Microsoft‘s red headed stepchild just can’t seem to catch a break. Bad news come one after another for the Windows RT that, if the ARM-based OS were a cat, it would have pretty much run out of lives by now. Perhaps there is now very little reason to believe that Windows RT has any future beyond being placed on life support. But as if to drive home the point, Microsoft has been tipped to be discontinuing the production of the Nokia Lumia 2520, the only Lumia to run Windows RT.
On one hand, it’s perfectly natural for manufacturers to discontinue old devices. But the Lumia 2520 isn’t even that old yet, having gone to market only in late 2013. And it isn’t that bad when it comes to specs, with a Qualcomm Snapdragon 800, 2 GB of RAM, and a 10.1-inch Full HD screen. Definitely decent specs even at this point in time.
If it isn’t the hardware then, it’s probably the software that is making Microsoft pull the plug on the tablet, which translates to “Windows RT is dead”. Microsoft won’t be bringing Windows 10 wholesale to its ARM-based devices either, putting only bits and pieces into the existing Windows RT in patches. If the platform will no longer be supported, it makes no sense to keep on churning out units from its factories.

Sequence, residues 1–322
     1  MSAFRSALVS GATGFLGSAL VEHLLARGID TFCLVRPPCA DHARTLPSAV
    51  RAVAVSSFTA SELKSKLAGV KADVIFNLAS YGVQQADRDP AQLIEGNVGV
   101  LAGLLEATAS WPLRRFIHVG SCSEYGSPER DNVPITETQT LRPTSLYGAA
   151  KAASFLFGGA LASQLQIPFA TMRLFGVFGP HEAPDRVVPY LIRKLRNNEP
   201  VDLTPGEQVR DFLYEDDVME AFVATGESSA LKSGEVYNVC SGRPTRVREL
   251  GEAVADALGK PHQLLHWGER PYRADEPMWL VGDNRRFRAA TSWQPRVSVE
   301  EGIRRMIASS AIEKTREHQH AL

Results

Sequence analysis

The Lumia 2520 won’t be alone though. Microsoft has also been reported to have ceased the production of the Surface 2, its own Surface tablet that bears the same ARM architecture and the same Windows RT OS. Given that there was no new Surface tablet that was announced with the Surface Pro 3, these events pretty much put an ax on the entire Windows RT line.
Lumia 2520 fans need not despair just yet. For one, the tablet can still be bought, both from Microsoft and other retailers, at least as long as supplies last. For another, there are rumors that a successor is on the way. This one also bears an ARM processor but is unlikely to run Windows RT. If all the clues are correct, Microsoft still has plans to dip its toes in the ARM tablet market, with a particular flavor of Windows 10. Hopefully, it won’t just be Windows RT with a different name.
VIA: The Verge